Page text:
In the 2005 National Electrical Code (NEC) process, proposals were submitted to change the phrase “equipment grounding conductor” to “equipment bonding conductor” wherever the phrase existed throughout the NEC. Since these phrases were found throughout the NEC, all 19 Code panels received proposals dealing with this suggested change; however, Panel 5 had jurisdiction over most general and specific grounding and bonding issues, so most of the panels deferred to Panel 5 to accept or reject this major change within the NEC. At the proposal stage, there were a total of 16 members, nine of whom voted affirmative and seven voted negative to accept the proposal to change equipment grounding conductors to equipment bonding conductors. The proposal would have required a two-thirds majority in favor of acceptance, or 11 members would have had to vote affirmative. I will try to accurately provide both sides of the discussion that ensued, as well as the reason why the proposals were all ultimately rejected.
The substantiation provided with most of these proposals to change to “equipment bonding conductor” was as follows: “The concept is simple. The terms ‘grounding’ and ‘bonding’ are frequently misused and misunderstood. Systems are either grounded or they are not and, in either case, a path for fault current is provided for all normally non-current carrying metal parts of equipment that is supplied from that system. If systems are grounded, several sections prohibit re-grounding or using the grounded conductor as a fault current path, other than for specific limited situations. This conductor is more appropriately called a bonding conductor because its function of clearing faults exists, whether the system is grounded or not. A proposal is being submitted to each panel to change the term ‘equipment grounding conductor’ to ‘equipment bonding conductor’. The equipment grounding conductor definition could remain so that the term can still be used in product standards and the equipment grounding terminal of receptacles be thought of as the point of connection for utilization equipment. The term bonding jumper was not used because it is typically viewed as being short in length. It is understood that this is not a simple change but to increase usability and understanding of the requirements the long term benefits support the effort.”
In providing the negative statements, I will supply the text that most accurately gives the reason for voting against the change. One member of Panel 5 stated as follows in his statement for his negative vote: “The acceptance of this proposal will change a long-standing term and affect every segment of the NEC community including installers, maintainers, manufacturers, users and enforcers. This change by itself does nothing to improve clarity and is likely to cause enormous confusion among electrical practitioners. While the proposed change is unnecessary, it will create confusion due to a change to long-standing terms, and impose significant hardship on many segments of the electrical community including manufacturers, engineers, and developers of product and installation standards. Probably, every document dealing with installation and construction of electrical equipment or premises wiring will require revision. This will create significant problems and mismatches between installation documents, user manuals, product standards and the NEC.”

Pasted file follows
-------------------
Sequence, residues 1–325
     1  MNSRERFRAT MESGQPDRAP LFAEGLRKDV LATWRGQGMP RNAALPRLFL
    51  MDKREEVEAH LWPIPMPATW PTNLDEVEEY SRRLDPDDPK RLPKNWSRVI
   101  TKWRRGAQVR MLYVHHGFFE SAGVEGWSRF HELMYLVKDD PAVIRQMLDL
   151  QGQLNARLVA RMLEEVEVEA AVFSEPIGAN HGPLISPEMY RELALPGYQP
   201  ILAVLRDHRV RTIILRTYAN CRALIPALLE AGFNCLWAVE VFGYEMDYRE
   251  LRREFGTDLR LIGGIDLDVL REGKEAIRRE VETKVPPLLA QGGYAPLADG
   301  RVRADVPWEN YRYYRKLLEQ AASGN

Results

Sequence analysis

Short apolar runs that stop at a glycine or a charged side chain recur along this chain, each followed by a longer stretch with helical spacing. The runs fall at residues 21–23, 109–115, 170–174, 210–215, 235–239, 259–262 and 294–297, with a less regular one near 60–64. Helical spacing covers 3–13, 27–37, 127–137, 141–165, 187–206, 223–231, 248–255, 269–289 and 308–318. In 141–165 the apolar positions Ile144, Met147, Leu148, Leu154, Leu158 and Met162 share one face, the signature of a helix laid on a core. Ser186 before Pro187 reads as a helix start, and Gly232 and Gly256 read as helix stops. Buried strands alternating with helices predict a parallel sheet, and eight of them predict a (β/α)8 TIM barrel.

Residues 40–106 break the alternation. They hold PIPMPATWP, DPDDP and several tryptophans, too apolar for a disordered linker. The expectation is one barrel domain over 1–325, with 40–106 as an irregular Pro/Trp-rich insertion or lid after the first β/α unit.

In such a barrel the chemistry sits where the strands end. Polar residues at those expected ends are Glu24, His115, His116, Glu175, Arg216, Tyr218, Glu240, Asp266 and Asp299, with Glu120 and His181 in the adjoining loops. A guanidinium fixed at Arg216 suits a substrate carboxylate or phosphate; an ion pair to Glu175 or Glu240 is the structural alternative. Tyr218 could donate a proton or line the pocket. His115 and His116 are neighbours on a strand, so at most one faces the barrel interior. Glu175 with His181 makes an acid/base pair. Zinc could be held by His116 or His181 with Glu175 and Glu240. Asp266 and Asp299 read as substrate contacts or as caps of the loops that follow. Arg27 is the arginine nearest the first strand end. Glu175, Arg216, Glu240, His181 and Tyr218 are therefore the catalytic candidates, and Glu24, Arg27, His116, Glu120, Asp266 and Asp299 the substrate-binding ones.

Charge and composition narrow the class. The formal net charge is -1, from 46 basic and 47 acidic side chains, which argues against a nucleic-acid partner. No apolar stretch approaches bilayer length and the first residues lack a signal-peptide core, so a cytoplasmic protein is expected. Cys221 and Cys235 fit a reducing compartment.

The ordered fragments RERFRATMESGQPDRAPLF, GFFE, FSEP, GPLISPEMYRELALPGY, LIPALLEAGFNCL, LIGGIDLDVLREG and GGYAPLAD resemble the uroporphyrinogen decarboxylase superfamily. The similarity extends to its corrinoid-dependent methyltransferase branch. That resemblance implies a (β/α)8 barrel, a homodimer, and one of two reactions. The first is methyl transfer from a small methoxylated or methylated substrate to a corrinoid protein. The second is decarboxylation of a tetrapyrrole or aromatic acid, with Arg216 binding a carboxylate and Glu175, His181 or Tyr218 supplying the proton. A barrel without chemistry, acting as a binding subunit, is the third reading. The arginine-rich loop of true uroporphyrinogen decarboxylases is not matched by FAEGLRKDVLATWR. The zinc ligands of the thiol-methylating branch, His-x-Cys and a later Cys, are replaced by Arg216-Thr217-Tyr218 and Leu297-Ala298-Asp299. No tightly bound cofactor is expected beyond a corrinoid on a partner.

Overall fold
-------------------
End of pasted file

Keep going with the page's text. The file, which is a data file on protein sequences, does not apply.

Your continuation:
Another Panel 5 member said in his negative statement, “there was no technical substantiation provided by the submitter. The reasoning provided by the submitter is insufficient substantiation to make a change of this magnitude. The term ‘equipment grounding conductor’ [EGC] is well known throughout the industry. If this term is to be replaced, it should be replaced with a unique term that will not be confused as to its purpose. The term ‘bonding conductor’ is more confusing than the present language and would not make the code clearer. The term ‘bonding’ is regularly used in association with the grounding electrode system. It is also used in association with the grounded or neutral conductor. Changing the name of the grounding conductor will only confuse the industry … Before such a major change in terminology, of the magnitude proposed, can be accepted, we must be assured that all issues have been addressed and that any change will add significant clarification of usage and improvement over the present language in the NEC, to warrant the initial cost and confusion this may cause, I even question if we have the right to initiate such a far reaching, costly and potentially hazardous change to such universally accepted terms. If the panel action on this proposal remains as an ‘accept’, it will have ramifications that will impact almost every segment of the electrical industry.”
Next month’s article will explain the major rewrite that occurred for grounding and bonding throughout the NEC with a further clarification of the meaning of both equipment grounding and equipment bonding conductors.